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Home / Browse / Time Period / Post-Reconstruction through the Gilded Age (1875 - 1900) / Smithee-Adams Duel
What has often been described as “the last duel fought in Arkansas” was an exchange of gunshots in the streets of Little Rock (Pulaski County) between James Newton (J. N.) Smithee and John D. Adams on May 5, 1878. This event was also an early episode in the long newspaper war conducted between the Arkansas Gazette (then the Daily Arkansas Gazette) and the Arkansas Democrat.
Adams became owner, with William D. Blocher, of the Gazette on November 11, 1876. They hired James Mitchell to be editor-in-chief of the newspaper; Mitchell had been a professor of English literature at Arkansas Industrial University, now the University of Arkansas (UA) in Fayetteville (Washington County). Smithee competed with the Gazette by purchasing the printing presses belonging to the defunct Evening Star newspaper; he published the first Arkansas Democrat on April 11, 1878. The next day, a notice (probably written by Mitchell) appeared in the Gazette commenting upon the new paper in a favorable manner. Over the following days, however, the Gazette grew increasingly critical of the Democrat. On April 16, for example, the Gazette repeated a rumor that four Arkansas politicians were each paying the Democrat $50 a month to guarantee themselves “a level head between them”—in other words, to favor none of the four politicians over the other three. Later that month, the Gazette opined that the Democrat had printed more falsehoods in the previous two weeks than the Evening Star had done in two years. On April 28, the Gazette called Smithee “too light a weight” to threaten its place in the community.
Mitchell was likely responsible for all these assertions, as Adams was out of town at the time. Smithee, represented by seconds R. C. Newton and Robert A. Howard, challenged Mitchell to a duel, and Mitchell, represented by John M. Moore, accepted the challenge. Before the duel was fought, however, Smithee and Mitchell agreed to write separate statements “disclaiming any intention on the part of each to reflect upon the honor of the other,” promising that both newspapers would print both statements side by side. The letters appeared in the Democrat but not in the Gazette. This omission came about because Adams returned to town at that time and resolved to renew the controversy.
On May 2, the Gazette printed, on page one, a letter from Adams accusing Smithee of not supporting the nominees of the Democratic Party and also of firing from his newspaper an orphan accused of a crime that Smithee himself had committed. The letter assaulted Smithee’s honor as a man, on the grounds that he had not responded to these charges when they were previously published.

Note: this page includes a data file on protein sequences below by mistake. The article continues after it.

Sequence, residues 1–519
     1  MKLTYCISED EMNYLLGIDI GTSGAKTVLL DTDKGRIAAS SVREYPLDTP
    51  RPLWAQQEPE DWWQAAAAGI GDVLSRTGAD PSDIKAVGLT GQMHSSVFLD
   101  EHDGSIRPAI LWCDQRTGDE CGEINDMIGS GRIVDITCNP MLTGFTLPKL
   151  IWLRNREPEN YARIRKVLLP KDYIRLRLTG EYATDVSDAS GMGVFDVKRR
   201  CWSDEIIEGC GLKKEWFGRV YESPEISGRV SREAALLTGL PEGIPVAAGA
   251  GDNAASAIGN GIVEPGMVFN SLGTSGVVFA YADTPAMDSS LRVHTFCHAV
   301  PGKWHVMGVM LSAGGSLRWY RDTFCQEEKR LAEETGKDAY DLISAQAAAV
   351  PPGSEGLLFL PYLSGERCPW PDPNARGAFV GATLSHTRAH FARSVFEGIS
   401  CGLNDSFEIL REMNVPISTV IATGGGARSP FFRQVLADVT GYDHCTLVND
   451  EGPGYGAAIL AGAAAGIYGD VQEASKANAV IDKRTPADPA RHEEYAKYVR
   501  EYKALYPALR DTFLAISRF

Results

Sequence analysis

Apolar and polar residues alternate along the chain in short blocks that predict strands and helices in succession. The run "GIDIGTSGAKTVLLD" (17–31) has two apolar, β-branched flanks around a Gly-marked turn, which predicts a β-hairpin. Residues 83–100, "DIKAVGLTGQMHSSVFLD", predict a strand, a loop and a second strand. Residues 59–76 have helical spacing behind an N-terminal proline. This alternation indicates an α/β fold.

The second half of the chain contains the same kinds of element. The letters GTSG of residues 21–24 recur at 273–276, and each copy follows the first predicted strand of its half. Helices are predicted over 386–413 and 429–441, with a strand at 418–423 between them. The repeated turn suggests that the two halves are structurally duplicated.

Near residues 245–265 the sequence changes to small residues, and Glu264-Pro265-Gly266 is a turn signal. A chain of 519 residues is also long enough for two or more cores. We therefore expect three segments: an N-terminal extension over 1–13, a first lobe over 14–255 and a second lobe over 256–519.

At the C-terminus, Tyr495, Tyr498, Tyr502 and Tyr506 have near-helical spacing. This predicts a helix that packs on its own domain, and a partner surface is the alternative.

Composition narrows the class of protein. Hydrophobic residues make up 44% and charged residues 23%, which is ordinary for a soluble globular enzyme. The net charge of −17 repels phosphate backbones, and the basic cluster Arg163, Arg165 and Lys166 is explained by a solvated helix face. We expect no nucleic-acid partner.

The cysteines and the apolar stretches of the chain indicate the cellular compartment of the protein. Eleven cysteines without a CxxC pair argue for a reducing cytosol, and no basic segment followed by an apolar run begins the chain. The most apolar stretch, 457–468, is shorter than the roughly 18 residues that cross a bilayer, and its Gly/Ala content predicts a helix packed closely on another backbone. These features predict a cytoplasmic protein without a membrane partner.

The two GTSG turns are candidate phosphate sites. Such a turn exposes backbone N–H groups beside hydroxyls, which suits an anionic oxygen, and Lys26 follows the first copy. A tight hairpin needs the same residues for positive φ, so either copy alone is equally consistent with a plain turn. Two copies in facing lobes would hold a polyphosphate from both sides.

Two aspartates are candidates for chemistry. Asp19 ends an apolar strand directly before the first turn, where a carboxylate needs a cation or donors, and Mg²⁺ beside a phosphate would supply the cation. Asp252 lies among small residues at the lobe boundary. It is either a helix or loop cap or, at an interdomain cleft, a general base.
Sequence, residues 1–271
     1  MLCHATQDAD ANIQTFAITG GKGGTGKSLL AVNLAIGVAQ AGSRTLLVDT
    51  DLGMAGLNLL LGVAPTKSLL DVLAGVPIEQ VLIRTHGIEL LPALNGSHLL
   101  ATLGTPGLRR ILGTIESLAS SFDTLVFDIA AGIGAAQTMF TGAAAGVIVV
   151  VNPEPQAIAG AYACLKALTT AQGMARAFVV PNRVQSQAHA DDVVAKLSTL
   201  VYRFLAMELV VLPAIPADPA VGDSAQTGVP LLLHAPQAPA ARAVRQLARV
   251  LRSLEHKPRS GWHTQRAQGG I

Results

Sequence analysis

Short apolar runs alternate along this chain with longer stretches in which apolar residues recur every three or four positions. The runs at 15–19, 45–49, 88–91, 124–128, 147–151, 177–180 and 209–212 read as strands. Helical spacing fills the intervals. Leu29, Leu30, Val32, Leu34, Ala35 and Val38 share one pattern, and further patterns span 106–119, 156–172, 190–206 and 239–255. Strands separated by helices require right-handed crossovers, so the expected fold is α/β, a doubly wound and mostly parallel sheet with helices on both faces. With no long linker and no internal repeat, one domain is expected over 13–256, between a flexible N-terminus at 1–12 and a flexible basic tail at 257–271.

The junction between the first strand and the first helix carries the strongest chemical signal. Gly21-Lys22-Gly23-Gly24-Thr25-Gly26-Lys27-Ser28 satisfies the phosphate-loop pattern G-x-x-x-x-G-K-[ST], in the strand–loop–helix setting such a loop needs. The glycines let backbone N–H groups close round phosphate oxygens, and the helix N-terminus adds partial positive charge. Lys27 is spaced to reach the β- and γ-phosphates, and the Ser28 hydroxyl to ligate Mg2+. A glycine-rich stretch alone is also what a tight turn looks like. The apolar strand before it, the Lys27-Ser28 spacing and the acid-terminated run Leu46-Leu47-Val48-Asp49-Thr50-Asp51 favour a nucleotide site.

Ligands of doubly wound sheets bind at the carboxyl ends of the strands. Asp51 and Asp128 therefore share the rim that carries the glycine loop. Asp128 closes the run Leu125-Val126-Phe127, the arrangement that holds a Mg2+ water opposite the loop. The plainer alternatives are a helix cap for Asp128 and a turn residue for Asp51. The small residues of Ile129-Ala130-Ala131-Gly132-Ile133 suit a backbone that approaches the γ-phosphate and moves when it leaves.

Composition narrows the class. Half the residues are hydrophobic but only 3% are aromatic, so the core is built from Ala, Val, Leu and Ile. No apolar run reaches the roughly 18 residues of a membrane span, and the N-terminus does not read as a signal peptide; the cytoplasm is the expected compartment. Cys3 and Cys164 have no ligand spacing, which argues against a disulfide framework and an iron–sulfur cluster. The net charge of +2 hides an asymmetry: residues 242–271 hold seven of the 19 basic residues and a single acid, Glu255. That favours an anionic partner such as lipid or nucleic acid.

Three accounts of the duel, which occurred on May 5, 1878, include similar but not identical information. The May 7 Gazette says that Adams and Smithee met in the streets of downtown Little Rock that Sunday morning at about 10:00 a.m. Six or seven shots were fired. Smithee was injured twice. Adams was unhurt, although a ball passed through the rim of his hat. In Smithee’s obituary in 1902, the Gazette reported that Smithee was shot once, “the injury consisting of a flesh wound in the wrist.” But essayist Opie Read (who worked for Smithee at the Democrat at the time) describes the shooting in greater detail, and with creative flourish, in his memoirs published in 1930. He wrote that a crowd had gathered at the corner of Main and Markham streets in Little Rock awaiting the confrontation and that, after five shots, Smithee staggered off the sidewalk and fell in the street.
In 1902, the Gazette’s obituary of Smithee claimed that “[s]hortly afterward the old trouble was adjusted, and Smithee, Adams, and Mitchell were ever after good friends.” Their careers as newspapermen seem to have been redirected by the confrontation. Adams and Blocher sold the Gazette to Ambrose Hundley Sevier Jr., son of the U.S. senator, a week after the duel on May 14, 1878. In October of the same year, Blocher and Mitchell purchased the Democrat. Smithee purchased the Gazette from Sevier in 1882, sold it again later that same year, and purchased it again in 1896, selling it a second time in 1899.
Although many other shootings have happened in the state since 1878, the Smithee-Adams duel remains the last occasion that two leading citizens of Arkansas faced each other in a premeditated attack concerning what both men considered “a matter of personal honor.”
For additional information:Allsopp, Frederick William. History of the Arkansas Press for a Hundred Years and More. Little Rock: Parke-Harper Publishing, 1922.
Obituary of J. N. Smithee. Arkansas Gazette. July 6, 1902, pp. 1–2.
Read, Opie Percival. I Remember. New York: Richard R. Smith, 1930.
Teske, Steven. “Legacies & Lunch: J. N. Smithee.” April 4, 2012. Central Arkansas Library System, Little Rock, Arkansas. Audio online at Butler Center AV/AR Audio Video Collection: Steven Teske Lecture (accessed May 8, 2012).
———. Unvarnished Arkansas: The Naked Truth about Nine Famous Arkansans. Little Rock: Butler Center Books, 2012.
Various untitled articles in the Daily Arkansas Gazette, published between April 12, 1878, and May 7, 1878.
Steven TeskeNorth Little Rock, Arkansas
Last Updated 5/8/2012
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